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    (Original post by Sahir)
    For Pi / Sigma bonds, know a definition for each, that's all really.

    Pi = molecular orbital formed as a result of the lateral overlap of electron density in p-orbitals of adjacent atoms. Perpendicular to plane of sigma-bonds.. hence why you get geometric isomers of alkenes and electrophilic addition due to exposed electron density.

    Sigma = molecular orbital formed as a result of the side-side overlap of electron density in s-orbitals (tecnically they're hybridised) of adjacent atoms.
    my definition of sigma = It is a bond formed as a result of a head-on overlap between two orbitals, forming an electron density on the line between the nuclei.

    pi = It is a bond formed as a result of side-ways overlapping of two p orbitals, forming an electron density above and below the line between the nuclei.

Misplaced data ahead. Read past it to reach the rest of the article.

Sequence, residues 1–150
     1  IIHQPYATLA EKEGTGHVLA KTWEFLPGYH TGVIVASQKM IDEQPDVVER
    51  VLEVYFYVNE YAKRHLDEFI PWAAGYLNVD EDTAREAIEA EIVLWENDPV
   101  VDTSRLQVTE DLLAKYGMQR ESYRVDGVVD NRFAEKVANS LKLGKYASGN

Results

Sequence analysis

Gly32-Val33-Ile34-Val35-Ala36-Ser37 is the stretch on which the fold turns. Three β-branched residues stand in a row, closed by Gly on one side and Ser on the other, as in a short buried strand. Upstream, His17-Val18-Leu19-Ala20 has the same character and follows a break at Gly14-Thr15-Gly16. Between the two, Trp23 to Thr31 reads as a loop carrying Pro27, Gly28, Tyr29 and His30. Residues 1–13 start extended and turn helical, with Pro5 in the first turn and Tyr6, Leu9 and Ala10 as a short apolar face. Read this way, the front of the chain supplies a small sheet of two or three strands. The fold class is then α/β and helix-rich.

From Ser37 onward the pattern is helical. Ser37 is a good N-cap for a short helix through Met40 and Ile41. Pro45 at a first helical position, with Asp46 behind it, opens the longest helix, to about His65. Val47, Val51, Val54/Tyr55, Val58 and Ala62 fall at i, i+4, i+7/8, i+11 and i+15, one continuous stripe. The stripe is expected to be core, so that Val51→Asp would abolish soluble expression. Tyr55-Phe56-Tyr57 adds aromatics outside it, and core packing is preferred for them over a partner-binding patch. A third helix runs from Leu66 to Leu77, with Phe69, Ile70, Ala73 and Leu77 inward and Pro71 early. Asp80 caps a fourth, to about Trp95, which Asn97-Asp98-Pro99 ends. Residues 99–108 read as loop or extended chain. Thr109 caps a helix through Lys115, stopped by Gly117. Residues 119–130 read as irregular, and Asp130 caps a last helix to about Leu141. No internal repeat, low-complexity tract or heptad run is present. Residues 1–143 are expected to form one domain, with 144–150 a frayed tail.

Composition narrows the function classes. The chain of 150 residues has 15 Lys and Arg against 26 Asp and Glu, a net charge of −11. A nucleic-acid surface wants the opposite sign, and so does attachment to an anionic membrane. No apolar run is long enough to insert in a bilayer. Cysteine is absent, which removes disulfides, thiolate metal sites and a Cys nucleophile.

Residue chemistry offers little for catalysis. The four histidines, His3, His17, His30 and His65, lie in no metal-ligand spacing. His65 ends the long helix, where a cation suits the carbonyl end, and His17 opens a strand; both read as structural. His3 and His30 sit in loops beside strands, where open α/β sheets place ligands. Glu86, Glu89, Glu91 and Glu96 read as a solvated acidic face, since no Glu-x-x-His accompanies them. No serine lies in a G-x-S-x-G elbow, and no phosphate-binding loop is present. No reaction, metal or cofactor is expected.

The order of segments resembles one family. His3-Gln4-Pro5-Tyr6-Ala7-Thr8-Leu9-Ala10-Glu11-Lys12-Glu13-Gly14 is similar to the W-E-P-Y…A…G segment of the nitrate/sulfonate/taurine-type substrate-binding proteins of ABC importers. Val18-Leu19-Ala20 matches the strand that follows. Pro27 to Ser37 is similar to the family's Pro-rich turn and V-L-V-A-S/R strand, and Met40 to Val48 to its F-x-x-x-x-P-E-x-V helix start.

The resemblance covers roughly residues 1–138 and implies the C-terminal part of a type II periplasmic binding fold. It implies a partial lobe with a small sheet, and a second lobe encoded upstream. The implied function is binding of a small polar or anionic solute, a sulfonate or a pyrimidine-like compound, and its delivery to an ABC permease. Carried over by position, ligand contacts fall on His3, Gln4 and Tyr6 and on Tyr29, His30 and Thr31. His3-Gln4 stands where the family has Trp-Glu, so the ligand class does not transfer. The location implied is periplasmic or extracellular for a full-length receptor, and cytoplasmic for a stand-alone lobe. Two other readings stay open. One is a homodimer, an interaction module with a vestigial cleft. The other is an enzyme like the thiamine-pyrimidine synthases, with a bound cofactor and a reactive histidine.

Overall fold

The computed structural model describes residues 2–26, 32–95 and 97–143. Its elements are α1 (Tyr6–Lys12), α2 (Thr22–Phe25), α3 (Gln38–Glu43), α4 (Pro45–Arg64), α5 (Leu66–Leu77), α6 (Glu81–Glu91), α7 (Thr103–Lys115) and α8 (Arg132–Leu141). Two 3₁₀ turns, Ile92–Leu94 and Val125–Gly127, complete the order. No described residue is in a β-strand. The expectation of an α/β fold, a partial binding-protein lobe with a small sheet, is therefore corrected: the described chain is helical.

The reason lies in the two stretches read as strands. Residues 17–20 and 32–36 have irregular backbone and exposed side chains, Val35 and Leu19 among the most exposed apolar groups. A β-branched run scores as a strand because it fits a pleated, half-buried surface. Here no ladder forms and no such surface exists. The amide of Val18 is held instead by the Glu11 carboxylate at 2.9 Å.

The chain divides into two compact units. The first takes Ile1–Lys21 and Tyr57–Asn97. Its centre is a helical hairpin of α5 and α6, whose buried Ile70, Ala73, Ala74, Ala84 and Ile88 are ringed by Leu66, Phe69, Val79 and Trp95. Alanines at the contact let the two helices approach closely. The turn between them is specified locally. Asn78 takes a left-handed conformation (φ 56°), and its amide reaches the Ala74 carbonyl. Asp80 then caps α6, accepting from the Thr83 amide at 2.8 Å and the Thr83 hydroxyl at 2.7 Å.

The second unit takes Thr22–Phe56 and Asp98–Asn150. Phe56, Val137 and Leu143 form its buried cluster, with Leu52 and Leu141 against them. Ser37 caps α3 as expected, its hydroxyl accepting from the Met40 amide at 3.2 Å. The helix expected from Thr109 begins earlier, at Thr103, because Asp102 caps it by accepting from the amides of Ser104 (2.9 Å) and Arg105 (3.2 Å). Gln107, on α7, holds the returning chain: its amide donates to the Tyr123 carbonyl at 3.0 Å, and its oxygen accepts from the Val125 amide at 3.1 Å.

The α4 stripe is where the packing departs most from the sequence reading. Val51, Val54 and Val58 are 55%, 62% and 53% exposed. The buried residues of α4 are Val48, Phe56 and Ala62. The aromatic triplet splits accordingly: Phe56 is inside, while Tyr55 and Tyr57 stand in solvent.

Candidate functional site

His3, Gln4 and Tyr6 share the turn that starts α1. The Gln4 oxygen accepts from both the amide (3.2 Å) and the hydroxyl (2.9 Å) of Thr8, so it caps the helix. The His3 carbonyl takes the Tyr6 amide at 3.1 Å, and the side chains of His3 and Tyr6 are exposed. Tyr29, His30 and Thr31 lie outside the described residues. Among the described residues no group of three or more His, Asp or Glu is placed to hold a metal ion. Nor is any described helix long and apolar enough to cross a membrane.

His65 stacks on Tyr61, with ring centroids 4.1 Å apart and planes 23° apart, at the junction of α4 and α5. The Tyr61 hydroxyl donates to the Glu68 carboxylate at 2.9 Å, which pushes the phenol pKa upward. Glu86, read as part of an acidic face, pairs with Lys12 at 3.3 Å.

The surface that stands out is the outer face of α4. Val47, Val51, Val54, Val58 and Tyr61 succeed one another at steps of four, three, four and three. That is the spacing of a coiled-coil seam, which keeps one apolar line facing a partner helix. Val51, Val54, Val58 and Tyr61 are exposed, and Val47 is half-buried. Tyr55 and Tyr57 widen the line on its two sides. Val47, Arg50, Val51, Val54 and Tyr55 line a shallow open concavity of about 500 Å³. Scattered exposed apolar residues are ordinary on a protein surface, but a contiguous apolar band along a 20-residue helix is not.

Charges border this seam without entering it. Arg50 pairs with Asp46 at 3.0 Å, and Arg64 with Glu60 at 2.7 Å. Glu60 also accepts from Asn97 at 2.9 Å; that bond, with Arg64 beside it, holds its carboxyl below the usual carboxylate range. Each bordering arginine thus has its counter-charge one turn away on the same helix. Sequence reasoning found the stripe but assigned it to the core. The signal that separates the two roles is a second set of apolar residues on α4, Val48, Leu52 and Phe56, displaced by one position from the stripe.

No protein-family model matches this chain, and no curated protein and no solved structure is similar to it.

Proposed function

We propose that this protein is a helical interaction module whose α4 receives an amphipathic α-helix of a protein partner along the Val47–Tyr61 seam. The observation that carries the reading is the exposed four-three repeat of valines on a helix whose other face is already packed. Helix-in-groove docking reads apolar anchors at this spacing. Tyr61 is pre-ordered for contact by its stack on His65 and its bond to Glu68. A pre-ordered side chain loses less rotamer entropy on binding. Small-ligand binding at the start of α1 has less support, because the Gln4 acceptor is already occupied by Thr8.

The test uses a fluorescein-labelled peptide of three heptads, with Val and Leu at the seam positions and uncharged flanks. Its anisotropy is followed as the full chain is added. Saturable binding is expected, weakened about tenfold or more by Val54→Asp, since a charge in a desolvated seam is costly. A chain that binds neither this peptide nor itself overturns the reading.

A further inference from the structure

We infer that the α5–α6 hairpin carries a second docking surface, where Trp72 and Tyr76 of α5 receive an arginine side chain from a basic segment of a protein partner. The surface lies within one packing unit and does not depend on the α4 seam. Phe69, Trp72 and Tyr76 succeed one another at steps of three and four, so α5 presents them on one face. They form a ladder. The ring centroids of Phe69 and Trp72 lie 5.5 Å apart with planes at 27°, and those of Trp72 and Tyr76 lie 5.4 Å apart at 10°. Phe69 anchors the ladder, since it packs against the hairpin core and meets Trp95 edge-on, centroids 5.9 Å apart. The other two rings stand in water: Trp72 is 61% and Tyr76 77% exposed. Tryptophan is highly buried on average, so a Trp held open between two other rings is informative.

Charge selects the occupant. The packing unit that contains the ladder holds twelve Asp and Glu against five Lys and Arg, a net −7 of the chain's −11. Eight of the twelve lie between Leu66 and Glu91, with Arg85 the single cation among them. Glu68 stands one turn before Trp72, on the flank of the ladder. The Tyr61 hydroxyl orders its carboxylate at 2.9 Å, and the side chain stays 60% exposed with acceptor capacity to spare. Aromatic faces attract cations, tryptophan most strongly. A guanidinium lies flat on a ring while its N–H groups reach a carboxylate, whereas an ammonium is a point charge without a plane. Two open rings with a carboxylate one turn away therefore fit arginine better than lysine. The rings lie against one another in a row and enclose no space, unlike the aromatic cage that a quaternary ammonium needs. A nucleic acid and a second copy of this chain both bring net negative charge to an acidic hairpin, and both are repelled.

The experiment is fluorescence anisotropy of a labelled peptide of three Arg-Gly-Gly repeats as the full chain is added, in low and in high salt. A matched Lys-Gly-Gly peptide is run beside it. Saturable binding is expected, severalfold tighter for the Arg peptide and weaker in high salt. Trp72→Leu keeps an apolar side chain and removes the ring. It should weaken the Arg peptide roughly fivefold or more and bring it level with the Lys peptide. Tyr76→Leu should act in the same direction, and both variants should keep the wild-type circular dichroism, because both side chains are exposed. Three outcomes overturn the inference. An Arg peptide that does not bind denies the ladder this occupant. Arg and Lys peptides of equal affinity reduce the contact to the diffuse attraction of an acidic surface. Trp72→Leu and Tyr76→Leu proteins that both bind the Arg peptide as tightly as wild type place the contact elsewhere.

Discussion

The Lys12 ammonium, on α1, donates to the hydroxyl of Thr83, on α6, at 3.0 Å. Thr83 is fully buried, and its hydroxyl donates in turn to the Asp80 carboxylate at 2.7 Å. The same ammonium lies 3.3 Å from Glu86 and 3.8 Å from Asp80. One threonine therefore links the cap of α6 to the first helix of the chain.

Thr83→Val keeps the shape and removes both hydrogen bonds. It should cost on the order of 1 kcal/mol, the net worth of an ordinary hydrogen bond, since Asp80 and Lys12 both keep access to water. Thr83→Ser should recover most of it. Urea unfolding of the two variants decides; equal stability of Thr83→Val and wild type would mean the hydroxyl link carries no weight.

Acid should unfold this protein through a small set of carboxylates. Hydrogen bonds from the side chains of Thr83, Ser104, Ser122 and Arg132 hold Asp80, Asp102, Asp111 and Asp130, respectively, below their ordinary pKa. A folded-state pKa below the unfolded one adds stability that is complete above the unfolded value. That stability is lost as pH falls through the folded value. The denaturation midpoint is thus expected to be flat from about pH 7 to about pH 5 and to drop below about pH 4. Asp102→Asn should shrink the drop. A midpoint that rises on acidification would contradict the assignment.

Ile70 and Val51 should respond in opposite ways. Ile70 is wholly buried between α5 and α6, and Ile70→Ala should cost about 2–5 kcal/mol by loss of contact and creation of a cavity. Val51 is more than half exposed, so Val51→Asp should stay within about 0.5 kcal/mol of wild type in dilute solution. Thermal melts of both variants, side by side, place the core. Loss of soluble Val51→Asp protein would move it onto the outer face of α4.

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    i am Not sure that sigma bond is formed from side-side overlapping .. what i know is that its formed from head-head overlaping and Pi is formed by sideways or Bilateral overlapping .. and that sigma bond is stronger than pi becuz sigma bond has more Overlapping [of the orbitals] than the Pi.Plus the Sigma is confined in the inter-nuclei axis howevere the Pi is dispearsed on the sideways of the nuclei.
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    Noble gases are unreactive, because all the electrons in their bonding shell are paired. I dont understand why berylium is reactive, because its electrons are too paired in its outer shell.
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    (Original post by FidoDiDo)
    i am Not sure that sigma bond is formed from side-side overlapping .. what i know is that its formed from head-head overlaping and Pi is formed by sideways or Bilateral overlapping .. and that sigma bond is stronger than pi becuz sigma bond has more Overlapping [of the orbitals] than the Pi.Plus the Sigma is confined in the inter-nuclei axis howevere the Pi is dispearsed on the sideways of the nuclei.